Backlash in Bellingham
Post updated below.
Last month, Kendall Jones reported the disturbing news that a Melvin Brewing employee had groped a server at another Bellingham brewery, Menace. The two breweries are just a block apart, and the incident (which involved a brewer visiting from the Wyoming site) unsettled the tight-knit community.
The backlash has been profound. I’m here in Bellingham for the town’s beer week, and you won’t find Melvin’s name mentioned in the Beer Week materials. John Holl and I hit the brewery trail yesterday, and decided to stop in to see whether Melvin was still attracting a crowd despite the official cold shoulder. Not exactly:
That photo was taken at about 4:30, and breweries nearby—Kulshan, Menace—had great crowds on a gorgeous sunny day.
Melvin cultivated an aggressive, bro-y image, and it was wildly successful. The brewery made 20,000 barrels in 2017, way, way up from the 8,000 the year before. That brash, testosterone-fueled kind of brand is far from rare among beer companies, many who appeal to avid 20-something men. And the dangers of such a brand (and, apparently, culture) seemed low. We may need to rethink that.
This situation has some distinctive features that may make it a unique one-off. Melvin isn’t a homegrown brewery, and Bellingham is a small, close community. Would the response have been different had this happened elsewhere or if a local brewer was involved? Seems likely.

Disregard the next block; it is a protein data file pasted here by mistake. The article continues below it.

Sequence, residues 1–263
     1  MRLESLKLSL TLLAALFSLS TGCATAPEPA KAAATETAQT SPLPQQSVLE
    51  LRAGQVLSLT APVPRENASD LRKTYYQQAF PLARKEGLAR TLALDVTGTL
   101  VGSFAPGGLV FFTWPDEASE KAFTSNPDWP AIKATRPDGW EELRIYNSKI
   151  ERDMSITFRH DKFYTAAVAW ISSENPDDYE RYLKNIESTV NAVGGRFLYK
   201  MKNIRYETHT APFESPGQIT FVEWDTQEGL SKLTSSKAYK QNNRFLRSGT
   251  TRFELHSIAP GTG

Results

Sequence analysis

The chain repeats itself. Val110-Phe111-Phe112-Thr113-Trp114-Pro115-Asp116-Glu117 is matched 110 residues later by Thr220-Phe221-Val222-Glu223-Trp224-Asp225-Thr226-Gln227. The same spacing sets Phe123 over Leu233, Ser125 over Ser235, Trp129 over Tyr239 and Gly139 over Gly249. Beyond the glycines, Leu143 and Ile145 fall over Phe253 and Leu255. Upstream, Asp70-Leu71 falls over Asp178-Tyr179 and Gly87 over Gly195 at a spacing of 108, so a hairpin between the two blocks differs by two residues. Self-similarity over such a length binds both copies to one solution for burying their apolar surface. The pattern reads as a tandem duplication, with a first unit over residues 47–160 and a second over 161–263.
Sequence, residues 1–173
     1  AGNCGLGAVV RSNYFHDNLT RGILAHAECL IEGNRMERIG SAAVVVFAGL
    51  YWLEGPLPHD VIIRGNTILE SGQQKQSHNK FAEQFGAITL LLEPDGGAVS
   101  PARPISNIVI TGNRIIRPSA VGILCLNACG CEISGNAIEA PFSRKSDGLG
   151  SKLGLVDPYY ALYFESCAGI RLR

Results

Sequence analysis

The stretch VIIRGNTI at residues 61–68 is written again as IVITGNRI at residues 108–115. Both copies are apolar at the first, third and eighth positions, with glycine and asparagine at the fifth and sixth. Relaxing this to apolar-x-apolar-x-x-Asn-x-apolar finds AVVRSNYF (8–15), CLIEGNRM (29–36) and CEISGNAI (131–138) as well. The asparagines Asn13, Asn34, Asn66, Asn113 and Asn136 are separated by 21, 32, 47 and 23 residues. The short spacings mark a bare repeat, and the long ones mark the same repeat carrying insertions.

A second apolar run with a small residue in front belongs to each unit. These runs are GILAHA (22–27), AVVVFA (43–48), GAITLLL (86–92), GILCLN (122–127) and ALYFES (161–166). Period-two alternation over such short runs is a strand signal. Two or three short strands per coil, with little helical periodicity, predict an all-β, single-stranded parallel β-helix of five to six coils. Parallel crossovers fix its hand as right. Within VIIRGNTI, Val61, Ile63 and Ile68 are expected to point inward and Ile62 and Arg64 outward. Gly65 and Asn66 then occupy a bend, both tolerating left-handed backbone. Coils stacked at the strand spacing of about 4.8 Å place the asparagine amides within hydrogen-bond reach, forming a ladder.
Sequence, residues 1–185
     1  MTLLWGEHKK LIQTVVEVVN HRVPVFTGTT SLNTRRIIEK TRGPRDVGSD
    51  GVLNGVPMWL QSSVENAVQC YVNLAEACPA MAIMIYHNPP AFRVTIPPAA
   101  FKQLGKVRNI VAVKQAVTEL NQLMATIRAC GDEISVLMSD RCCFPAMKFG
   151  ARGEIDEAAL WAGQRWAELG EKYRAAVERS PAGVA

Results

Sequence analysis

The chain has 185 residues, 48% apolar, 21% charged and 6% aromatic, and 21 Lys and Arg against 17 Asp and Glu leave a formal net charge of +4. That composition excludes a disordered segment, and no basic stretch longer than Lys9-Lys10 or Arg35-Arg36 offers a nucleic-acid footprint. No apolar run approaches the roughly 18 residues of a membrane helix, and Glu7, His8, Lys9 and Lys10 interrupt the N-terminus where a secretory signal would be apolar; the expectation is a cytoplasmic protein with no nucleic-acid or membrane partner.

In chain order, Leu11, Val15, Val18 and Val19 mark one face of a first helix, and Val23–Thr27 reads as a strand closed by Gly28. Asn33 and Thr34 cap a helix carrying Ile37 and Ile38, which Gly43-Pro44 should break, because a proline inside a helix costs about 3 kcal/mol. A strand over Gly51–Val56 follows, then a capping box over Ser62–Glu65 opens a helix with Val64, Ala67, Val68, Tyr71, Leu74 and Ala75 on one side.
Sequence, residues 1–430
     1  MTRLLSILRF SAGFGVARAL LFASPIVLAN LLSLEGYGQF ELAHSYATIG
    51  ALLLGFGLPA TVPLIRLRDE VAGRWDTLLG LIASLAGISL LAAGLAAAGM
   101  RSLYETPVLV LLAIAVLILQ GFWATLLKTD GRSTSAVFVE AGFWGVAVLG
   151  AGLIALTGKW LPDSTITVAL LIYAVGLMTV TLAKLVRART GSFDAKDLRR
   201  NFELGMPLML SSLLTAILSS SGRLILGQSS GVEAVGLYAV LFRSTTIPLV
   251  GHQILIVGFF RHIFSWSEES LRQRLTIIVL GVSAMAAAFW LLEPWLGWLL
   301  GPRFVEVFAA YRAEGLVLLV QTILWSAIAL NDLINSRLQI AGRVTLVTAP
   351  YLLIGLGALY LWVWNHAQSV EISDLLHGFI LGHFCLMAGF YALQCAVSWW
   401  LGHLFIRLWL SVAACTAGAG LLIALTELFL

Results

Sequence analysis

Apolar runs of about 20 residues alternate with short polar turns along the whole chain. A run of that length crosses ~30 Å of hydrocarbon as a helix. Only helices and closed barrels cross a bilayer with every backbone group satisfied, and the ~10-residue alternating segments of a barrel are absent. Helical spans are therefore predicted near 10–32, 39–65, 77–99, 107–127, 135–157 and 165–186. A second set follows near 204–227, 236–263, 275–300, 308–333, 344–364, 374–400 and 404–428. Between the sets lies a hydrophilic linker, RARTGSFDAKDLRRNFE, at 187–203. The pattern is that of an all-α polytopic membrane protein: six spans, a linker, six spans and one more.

But the rebuke is nevertheless remarkable. John and I had a pilsner and rye pale ale, both very nice, and all the visible employees in the place were women. They were cheery and courteous and I felt bad for them. But it was like a wake in there. It’s quite possible the Melvin Bellingham won’t make it—they’re certainly not going to with a half-dozen customers whispering in the eerily empty building.
And Bellinghamsters don’t need Melvin. John and I were impressed by our tour through some of the city’s offerings. Menace, where the incident happened just down the road, is a wonderful brewery with low-ABV session ales, including a wonderful best bitter. Kulshan does hops, including a really nice hazy pale. Wander does a delicious rauchbier that is a perfect complement to the barbecued brisket from the food truck outside.
Melvin may well become an important cautionary tale about just what kind of behavior will be tolerated in the future. With 6000 breweries out there, people just don’t have to put up with this—and in Bellingham, they’re not.
By coincidence, Tristan Chan at PorchDrinking posted an interview with Melvin Brewing's Jeremy Tofte and Ted Whitney this morning. It's worth a read to see how the brewery is contending with this situation. The brewery was clearly not prepared for anything like this and is still learning how to handle it. They seem to be engaging in the process sincerely, but introspection doesn't come naturally. I hope this is something they can overcome and learn from, but it's going to be a process.